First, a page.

ISBN: 0804797765

Category: History

Page: 312

View: 770

This book explores violence in the public lives of modern Middle Eastern cities, approaching violence as an individual and collective experience, a historical event, and an urban process. Violence and the city coexist in a complicated dialogue, and critical consideration of the city offers an important way to understand the transformative powers of violence—its ability to redraw the boundaries of urban life, to create and divide communities, and to affect the ruling strategies of local elites, governments, and transnational political players. The essays included in this volume reflect the diversity of Middle Eastern urbanism from the eighteenth to the late twentieth centuries, from the capitals of Cairo, Tunis, and Baghdad to the provincial towns of Jeddah, Nablus, and Basra and the oil settlements of Dhahran and Abadan. In reconstructing the violent pasts of cities, new vistas on modern Middle Eastern history are opened, offering alternative and complementary perspectives to the making and unmaking of empires, nations, and states. Given the crucial importance of urban centers in shaping the Middle East in the modern era, and the ongoing potential of public histories to foster dialogue and reconciliation, this volume is both critical and timely.
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An Environmental History

Author: Alan Mikhail

Publisher: Cambridge University Press

ISBN: 9781139499552

Category: History

Page: N.A

View: 2867

In one of the first ever environmental histories of the Ottoman Empire, Alan Mikhail examines relations between the empire and its most lucrative province of Egypt. Based on both the local records of various towns and villages in rural Egypt and the imperial orders of the Ottoman state, this book charts how changes in the control of natural resources fundamentally altered the nature of Ottoman imperial sovereignty in Egypt and throughout the empire. In revealing how Egyptian peasants were able to use their knowledge and experience of local environments to force the hand of the imperial state, Nature and Empire in Ottoman Egypt tells a story of the connections of empire stretching from canals in the Egyptian countryside to the palace in Istanbul, from the forests of Anatolia to the shores of the Red Sea, and from a plague flea's bite to the fortunes of one of the most powerful states of the early modern world.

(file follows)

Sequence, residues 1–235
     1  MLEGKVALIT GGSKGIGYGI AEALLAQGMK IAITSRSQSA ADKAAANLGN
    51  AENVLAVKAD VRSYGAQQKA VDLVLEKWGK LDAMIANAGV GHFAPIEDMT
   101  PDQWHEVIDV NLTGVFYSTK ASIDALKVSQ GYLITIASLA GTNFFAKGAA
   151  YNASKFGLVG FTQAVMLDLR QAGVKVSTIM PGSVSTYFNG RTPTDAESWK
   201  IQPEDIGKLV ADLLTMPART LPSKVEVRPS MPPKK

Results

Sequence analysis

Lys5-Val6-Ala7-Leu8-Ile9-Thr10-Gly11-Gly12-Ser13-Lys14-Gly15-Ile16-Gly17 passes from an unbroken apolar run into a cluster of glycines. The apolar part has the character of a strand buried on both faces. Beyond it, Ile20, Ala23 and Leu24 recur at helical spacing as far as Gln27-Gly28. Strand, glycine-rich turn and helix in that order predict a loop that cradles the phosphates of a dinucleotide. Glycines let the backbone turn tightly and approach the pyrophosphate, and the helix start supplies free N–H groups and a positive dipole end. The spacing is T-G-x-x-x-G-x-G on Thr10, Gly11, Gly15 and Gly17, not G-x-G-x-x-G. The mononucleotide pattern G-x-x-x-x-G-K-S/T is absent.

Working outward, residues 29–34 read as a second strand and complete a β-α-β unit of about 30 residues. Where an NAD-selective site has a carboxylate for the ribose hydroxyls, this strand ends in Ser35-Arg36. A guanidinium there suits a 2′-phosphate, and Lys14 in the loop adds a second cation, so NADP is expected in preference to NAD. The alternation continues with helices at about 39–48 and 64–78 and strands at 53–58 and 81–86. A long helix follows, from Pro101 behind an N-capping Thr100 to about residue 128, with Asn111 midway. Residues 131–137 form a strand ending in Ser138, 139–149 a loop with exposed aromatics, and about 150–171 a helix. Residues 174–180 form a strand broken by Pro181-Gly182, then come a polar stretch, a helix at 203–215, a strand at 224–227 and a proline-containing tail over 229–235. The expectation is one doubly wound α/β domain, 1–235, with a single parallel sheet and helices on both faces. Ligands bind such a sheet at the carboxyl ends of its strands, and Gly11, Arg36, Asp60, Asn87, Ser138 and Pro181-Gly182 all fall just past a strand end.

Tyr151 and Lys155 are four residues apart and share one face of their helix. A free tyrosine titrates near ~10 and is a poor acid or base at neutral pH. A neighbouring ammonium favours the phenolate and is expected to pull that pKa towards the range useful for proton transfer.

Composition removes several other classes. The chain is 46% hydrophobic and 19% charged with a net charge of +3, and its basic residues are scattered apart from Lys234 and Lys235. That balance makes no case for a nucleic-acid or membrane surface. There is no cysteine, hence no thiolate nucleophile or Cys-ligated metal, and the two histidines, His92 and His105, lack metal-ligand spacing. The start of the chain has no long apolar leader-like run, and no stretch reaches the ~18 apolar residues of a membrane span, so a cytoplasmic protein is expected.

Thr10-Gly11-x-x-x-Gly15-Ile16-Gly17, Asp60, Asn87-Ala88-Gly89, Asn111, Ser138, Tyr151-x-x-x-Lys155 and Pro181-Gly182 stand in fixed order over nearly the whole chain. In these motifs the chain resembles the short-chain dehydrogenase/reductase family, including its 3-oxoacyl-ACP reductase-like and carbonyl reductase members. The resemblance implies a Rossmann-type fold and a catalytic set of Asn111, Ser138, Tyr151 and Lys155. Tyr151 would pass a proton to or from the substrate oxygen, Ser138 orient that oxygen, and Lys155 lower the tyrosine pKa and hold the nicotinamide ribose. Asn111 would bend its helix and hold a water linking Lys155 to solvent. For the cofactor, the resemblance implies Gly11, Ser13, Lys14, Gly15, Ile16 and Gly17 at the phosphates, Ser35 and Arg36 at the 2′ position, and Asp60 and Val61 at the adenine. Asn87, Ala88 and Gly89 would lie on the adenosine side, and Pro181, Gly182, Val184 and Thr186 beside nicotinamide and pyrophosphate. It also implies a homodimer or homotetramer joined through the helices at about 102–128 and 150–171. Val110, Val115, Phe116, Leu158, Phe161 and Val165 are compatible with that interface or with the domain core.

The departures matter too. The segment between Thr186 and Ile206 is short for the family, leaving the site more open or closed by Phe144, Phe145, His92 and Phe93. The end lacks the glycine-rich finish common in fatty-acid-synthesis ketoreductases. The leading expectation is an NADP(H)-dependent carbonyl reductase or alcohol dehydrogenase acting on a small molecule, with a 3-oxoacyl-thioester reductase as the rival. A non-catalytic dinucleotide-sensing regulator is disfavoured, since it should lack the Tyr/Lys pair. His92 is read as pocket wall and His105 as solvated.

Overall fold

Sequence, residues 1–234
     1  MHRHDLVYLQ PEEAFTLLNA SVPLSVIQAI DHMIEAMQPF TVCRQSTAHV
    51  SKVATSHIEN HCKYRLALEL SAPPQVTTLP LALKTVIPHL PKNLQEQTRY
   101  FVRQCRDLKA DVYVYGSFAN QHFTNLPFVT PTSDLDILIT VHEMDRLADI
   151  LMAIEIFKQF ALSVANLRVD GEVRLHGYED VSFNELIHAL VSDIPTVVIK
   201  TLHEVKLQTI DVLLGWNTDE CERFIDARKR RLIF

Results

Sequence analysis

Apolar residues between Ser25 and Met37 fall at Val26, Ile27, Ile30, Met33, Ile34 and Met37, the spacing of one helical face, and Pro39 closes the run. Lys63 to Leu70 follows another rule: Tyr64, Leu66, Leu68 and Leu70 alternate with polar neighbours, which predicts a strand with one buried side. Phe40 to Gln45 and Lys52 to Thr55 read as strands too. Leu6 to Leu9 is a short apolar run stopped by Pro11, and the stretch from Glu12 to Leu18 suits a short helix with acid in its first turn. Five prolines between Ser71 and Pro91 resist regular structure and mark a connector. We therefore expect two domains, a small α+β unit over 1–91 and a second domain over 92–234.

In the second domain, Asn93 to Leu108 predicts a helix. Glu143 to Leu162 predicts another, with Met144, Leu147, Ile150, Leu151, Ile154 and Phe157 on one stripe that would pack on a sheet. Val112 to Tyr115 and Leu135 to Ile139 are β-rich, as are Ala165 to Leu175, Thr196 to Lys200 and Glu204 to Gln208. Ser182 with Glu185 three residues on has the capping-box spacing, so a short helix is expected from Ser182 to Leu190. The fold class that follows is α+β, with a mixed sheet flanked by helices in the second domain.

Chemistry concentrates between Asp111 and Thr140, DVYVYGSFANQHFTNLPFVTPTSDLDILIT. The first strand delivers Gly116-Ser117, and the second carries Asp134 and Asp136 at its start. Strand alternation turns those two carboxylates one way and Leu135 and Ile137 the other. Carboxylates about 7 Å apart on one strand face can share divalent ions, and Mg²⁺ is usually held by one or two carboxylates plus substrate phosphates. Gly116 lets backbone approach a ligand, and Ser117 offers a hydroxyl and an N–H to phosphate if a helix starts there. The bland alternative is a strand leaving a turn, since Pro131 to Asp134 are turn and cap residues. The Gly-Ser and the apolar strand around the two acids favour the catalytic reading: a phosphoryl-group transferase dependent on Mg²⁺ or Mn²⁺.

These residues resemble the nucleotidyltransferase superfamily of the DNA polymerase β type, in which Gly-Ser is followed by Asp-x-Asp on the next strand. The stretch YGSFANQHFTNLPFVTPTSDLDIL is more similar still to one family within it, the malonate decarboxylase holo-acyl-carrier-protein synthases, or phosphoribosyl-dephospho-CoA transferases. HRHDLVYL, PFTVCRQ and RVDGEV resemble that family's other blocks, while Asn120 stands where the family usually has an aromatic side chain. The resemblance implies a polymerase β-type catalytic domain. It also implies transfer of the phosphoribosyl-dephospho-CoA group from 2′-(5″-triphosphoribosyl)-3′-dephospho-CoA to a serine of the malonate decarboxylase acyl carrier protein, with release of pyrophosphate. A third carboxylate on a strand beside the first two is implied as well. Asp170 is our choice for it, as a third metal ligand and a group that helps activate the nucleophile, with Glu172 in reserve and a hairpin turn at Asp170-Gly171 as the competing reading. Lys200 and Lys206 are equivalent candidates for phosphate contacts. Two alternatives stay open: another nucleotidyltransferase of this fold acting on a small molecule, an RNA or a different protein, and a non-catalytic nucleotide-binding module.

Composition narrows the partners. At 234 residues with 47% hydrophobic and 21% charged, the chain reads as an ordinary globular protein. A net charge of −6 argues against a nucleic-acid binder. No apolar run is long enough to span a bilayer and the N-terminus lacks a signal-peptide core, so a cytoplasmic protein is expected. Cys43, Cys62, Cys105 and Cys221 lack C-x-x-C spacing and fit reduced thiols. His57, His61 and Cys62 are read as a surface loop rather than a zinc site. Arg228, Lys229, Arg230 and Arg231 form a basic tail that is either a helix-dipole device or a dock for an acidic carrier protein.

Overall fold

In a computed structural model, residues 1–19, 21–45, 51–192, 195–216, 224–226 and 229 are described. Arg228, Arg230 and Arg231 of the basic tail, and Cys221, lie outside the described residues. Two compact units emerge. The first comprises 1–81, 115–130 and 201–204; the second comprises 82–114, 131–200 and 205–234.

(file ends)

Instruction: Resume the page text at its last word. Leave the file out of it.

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Author: Kent F. Schull,M. Safa Saraçolu,Robert F. Zens

Publisher: Indiana University Press

ISBN: 0253021006

Category: History

Page: 216

View: 6029

The editors of this volume have gathered leading scholars on the Ottoman Empire and the Republic of Turkey to chronologically examine the sweep and variety of sociolegal projects being carried in the region. These efforts intersect issues of property, gender, legal literacy, the demarcation of village boundaries, the codification of Islamic law, economic liberalism, crime and punishment, and refugee rights across the empire and the Aegean region of the Turkish Republic.
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A Social and Cultural History

Author: Bruce Masters

Publisher: Cambridge University Press

ISBN: 1107067790

Category: History

Page: N.A

View: 8070

The Ottomans ruled much of the Arab World for four centuries. Bruce Masters's work surveys this period, emphasizing the cultural and social changes that occurred against the backdrop of the political realities that Arabs experienced as subjects of the Ottoman sultans. The persistence of Ottoman rule over a vast area for several centuries required that some Arabs collaborate in the imperial enterprise. Masters highlights the role of two social classes that made the empire successful: the Sunni Muslim religious scholars, the ulama, and the urban notables, the acyan. Both groups identified with the Ottoman sultanate and were its firmest backers, although for different reasons. The ulama legitimated the Ottoman state as a righteous Muslim sultanate, while the acyan emerged as the dominant political and economic class in most Arab cities due to their connections to the regime. Together, the two helped to maintain the empire.